The study of person recognition over the last decade has concentrated almost entirely on recognition from the faces. In the real world, recognition of others often begins at a distance, where identity-specific information in the face is poorly resolved. At this distance, identity information in the shape of the body can support and constrain recognition. Remarkably little is known about how we...   More >

Wednesday, March 15, 2017

Life Events and Personality Change

Colloquium | March 15 | 12:10-1:15 p.m. | 5101 Tolman Hall

 Wiebke Bleidorn, Associate Professor, UC Davis

 Institute of Personality and Social Research

A large body of research has shown that personality traits can and do change across the life span. In fact, most people experience medium-sized to large changes in their personality as they traverse adulthood. The observed changes in personality traits have led to a great deal of speculation about the conditions and causes of these changes. While all major theories of personality development...   More >

Thursday, March 16, 2017

School Accountability: What’s SEL Got To Do With It?

Panel Discussion | March 16 | 4-6 p.m. | Tolman Hall, Education/Psychology Library

 Linda Darling-Hammond, President and CEO, Learning Policy Institute; Mary Helen Immordino-Yang, Associate Professor of Education, Psychology and Neuroscience, University of Southern California; Joshua P. Starr, Chief Executive Officer, PDK International; Elliot Turiel, Associate Dean for Academic Affairs, Graduate School of Education, Berkeley

 Prudence L. Carter, Dean, Graduate School of Education, Berkeley

 Graduate School of Education

Join us for a conversation with experts and practitioners in the field of social emotional learning (SEL) to explore importance in a child’s academic success, and how schools can deliver and measure SEL in the context of creating equitable educational learning environments. We will also delve into emerging questions in educational research and policy.

Friday, March 17, 2017

Cognition Colloquium: Uncovering visual priors in spatial memory using serial reproduction

Colloquium | March 17 | 11 a.m.-12:30 p.m. | 5101 Tolman Hall

 Thomas Langlois

 Department of Psychology

Our own Thomas Langlois will present his work on, "Uncovering visual priors in spatial memory using serial reproduction."

Tuesday, March 21, 2017

The neuroscience of cognitive development and mathematics skill acquisition

Lecture | March 21 | 3:30-5 p.m. | 5101 Tolman Hall

 Torkel Klingberg

 Department of Psychology

Professor Torkel Klingberg from the Karolinska Institute in Sweden will be giving a lecture in the Cognitive Neuroscience colloquium series in Psychology.

Food Politics and the Twenty-First Century Food Movement: Barbara Weinstock Lectures on the Morals of Trade by Marion Nestle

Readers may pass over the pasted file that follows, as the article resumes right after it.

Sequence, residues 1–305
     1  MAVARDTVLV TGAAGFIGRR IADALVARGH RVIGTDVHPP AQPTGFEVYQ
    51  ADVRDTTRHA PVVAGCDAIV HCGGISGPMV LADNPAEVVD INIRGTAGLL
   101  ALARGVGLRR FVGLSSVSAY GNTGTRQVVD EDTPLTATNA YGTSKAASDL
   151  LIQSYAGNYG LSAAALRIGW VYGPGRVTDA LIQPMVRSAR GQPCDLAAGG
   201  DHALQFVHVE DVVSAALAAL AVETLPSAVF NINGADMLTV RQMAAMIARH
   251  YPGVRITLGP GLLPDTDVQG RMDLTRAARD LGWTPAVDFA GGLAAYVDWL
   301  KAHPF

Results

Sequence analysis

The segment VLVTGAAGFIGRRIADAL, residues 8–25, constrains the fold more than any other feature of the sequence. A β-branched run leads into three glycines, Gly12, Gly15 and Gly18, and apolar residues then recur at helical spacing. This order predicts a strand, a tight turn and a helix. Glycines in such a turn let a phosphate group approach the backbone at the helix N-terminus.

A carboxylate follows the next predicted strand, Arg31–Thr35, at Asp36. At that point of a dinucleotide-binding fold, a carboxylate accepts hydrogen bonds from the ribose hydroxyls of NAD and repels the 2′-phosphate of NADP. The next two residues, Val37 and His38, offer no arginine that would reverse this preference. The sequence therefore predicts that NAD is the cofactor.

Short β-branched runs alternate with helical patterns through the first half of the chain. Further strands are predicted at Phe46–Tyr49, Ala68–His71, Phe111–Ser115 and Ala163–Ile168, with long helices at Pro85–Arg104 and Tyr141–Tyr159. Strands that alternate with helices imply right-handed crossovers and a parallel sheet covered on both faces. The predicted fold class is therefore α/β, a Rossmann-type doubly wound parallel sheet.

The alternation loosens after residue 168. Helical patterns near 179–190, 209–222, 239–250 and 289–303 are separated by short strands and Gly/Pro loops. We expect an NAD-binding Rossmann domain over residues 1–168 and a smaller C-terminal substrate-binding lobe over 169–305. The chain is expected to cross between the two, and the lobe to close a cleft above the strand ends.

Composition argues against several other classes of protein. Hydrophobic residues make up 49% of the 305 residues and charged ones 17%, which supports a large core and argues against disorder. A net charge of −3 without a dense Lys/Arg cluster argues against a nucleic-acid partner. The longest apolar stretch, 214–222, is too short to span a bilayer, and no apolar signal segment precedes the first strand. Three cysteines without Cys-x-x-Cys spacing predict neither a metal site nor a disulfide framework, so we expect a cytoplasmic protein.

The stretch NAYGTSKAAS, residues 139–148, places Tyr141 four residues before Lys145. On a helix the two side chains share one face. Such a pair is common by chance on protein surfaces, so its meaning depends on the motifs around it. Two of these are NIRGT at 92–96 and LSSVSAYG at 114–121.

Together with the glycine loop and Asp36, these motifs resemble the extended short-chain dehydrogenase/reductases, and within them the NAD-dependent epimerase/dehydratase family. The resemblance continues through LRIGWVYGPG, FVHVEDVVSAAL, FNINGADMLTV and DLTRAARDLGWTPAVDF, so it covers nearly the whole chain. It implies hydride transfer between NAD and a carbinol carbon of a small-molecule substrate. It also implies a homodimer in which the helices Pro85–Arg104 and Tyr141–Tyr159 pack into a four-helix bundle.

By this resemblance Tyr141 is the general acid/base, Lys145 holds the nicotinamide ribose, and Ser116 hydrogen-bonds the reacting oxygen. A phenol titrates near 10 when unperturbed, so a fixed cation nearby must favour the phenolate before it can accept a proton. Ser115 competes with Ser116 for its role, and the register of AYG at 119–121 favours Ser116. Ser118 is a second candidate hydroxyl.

Lecture | March 21 | 4:10 p.m. | International House, Chevron Auditorium

 Dr. Marion Nestle, Paulette Goddard Professor of Nutrition, Food Studies, and Public Health, New York University

 Graduate Division, Berkeley Food Institute

Marion Nestle will present the Weinstock lecture on March 21, 2017. Her lecture is titled "Food Politics and the Twenty-First Century Food Movement" and is free and open to the public. No tickets are required.

Marion Nestle

Wednesday, March 22, 2017

The Neuroscience of Social Emotions and Cognition: From Ontogeny to Plasticity

Colloquium | March 22 | 12:10-1:15 p.m. | 5101 Tolman Hall

 Tania Singer, Professor and Director, Max Planck Institute for Human Cognitive and Brain Sciences

 Institute of Personality and Social Research

The social neurosciences have focused on the question of how people relate to and understand each other. Researchers have distinguished between at least two different routes on the understanding of others: one affective-motivational route referring to our ability to feel with (empathy) and for (compassion) another person, and a cognitive route allowing to infer other people's intentions, beliefs,...   More >

Friday, March 24, 2017

Formats for thinking

Seminar | March 24 | 11 a.m.-12:30 p.m. | 5101 Tolman Hall

 Elisabeth Camp, Rutgers University

 Neuroscience Institute, Helen Wills

Many philosophers, logicians and psychologists assume an exhaustive and exclusive dichotomy between "imagistic", iconic, or pictorial representations and "discursive", logical, or propositional ones. Others dismiss the distinction as meaningless, on the ground that any content can be captured in propositional terms. Adherents of both positions often conclude that thought -- at least, cognition of...   More >

Wednesday, March 29, 2017

Reprogramming the Brain to Health Symposium: Brain Training to Promote Brain Health

Conference/Symposium | March 29 | 9 a.m.-5 p.m. | 100 Genetics & Plant Biology Building

 Mark D'Espostio, UC Berkeley; Dan Krawcyzk, UT Dallas; Tony Chen, UCSF; Ian Robertson, UT Dallas; Michael Merzenich, UCSF; Adam Gazzaley, UCSF; Sandra Chapman, UT Dallas

 Neuroscience Institute, Helen Wills

This symposium will bring together the most distinguished brain scientists to share and learn up-to-date breakthroughs in brain research.

  RSVP by emailing ucbbraintrainingsymposium@gmail.com by March 28.